I reacquainted myself with all my old favourite holes, of course – Point Garry (Out) at the 1st, Quarry at the 6th and Mizzentop at the 9th.
On the back nine, the closing stretch from Perfection at the 14th to Point Garry (In) at the 17th is such as thrilling collection of holes and they’re normally preceded by one of the best par fours in Scottish golf; “Pit,” the 387-yard 13th.
Unfortunately, just like the last time I played here in the winter, the hole was off for maintenance (the first week it’s been out of play during the close season I was told) and to not get the chance to fire an approach shot across the wall that runs diagonally in front of the green was SUCH a disappointment this time around!
As an aside, I sometimes shake my head when I read opinion pieces from well-intentioned people who write in glowing terms about courses manufactured decades ago with iconic replica holes (like the Redan at the 15th) which look to me like they’ve been forced onto the land by architects who really should have known better.
Today’s round over natural terrain at North Berwick proved to me, yet again, that there’s NOTHING to beat the real deal.
The links was in excellent condition with the fairways playing firm and fast and the excellent greens rolled smoothly and were a good speed. Did not lose a ball during the round and the rough was not as penal as some of the other links we played. The links was just under 6,500 yards from the medal tees and was a pleasure to play.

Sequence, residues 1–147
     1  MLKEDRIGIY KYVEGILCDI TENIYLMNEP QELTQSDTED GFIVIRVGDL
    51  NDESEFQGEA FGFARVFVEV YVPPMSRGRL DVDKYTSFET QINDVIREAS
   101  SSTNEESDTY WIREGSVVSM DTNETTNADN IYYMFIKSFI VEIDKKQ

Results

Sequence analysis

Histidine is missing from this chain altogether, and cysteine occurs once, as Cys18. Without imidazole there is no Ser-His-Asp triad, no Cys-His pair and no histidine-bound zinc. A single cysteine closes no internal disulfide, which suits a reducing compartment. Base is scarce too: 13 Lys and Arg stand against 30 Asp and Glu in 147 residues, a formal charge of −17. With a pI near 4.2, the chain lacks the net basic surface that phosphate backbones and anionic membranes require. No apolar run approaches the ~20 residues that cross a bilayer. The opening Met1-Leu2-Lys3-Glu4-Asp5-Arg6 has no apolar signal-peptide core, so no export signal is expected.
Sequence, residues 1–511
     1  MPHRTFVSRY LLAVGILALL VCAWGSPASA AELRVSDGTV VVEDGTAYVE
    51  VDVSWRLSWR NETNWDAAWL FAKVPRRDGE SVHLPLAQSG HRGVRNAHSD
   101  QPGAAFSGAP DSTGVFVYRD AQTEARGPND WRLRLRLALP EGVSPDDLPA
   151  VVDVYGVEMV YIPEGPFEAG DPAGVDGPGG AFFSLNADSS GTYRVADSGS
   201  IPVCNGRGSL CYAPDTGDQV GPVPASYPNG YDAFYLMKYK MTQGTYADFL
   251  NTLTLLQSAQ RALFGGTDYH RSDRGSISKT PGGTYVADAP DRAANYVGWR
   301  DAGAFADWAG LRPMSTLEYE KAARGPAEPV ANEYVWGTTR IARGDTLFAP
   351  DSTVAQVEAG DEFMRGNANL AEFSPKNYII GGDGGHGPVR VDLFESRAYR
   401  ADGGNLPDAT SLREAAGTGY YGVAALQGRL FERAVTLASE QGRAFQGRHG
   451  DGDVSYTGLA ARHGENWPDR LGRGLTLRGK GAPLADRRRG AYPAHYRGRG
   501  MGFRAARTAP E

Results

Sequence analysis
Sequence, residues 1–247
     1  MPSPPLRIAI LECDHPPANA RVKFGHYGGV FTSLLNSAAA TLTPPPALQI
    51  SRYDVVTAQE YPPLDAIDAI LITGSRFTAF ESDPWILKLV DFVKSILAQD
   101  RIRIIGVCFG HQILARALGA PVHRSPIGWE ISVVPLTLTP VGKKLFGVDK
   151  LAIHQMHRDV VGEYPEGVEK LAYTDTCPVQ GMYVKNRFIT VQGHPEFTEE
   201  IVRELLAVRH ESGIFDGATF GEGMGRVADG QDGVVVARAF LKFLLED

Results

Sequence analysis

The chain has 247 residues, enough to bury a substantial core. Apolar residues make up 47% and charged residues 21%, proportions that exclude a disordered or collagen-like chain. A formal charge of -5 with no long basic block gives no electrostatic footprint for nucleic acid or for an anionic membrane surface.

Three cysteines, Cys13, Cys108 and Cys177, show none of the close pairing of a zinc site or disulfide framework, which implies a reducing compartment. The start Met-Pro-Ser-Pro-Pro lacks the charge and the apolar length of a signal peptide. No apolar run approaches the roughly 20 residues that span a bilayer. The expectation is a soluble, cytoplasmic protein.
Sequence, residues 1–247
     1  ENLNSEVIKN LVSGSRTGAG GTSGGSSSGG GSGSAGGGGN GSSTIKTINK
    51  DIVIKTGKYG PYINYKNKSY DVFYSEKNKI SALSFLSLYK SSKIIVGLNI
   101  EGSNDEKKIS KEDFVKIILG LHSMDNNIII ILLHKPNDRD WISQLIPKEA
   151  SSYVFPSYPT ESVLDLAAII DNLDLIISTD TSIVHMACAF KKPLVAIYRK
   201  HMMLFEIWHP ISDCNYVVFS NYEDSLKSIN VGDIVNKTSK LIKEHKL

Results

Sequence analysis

The 1st and 18th holes shared the same fairway and the second shot to one had to be precise as the Firth of Forth was just to the right of the green. On the second hole hit my drive on the beach with the sunbathers that day and had to hit the ball from the beach back to the fairway for the second shot. A pretty unique experience for me. The third has an old stone wall in the middle of the fairway that you must stay short of on the tee shot. The par 4 7th (Eil Burn) had the most immaculately groomed burn I have seen. The front nine had a wide range of holes with the 5 par 4s ranging from 322 yards to 460 yards. The front nine ended with 2 par fives that are birdie opportunities with well played shots.
The back nine started with the 172-yard par 3 10th (Eastward Ho!) into the breeze. The back nine had a several unique golfing experiences for me as the green on the par 4 13th (Pit) was situated behind an old stone wall. The par 4 14th (Perfection) lived up to its name with its blind tee shot toward the marker and a green that is situated on the edge of the Firth of Forth. Playing the par 3 15th (Redan) was a nice experience just to play this much copied design. I must say the par 4 16th (Gate) green was as unique as have ever seen. It has 2 separate raised green sections with a narrow strip connecting them -- pretty cool. The 428-yard par 4 17th (Point Garry in) was a nice challenge with its elevated green. The day ended playing the short par 4 18th (home) that is reminiscent of playing the 18th at St. Andrews as it shares the fairway with the first hole.
Overall an excellent top notch links course that was in excellent condition and a must play links if in the area. Click here to see a You Tube slideshow of some pictures I took during my visit. Jim Brady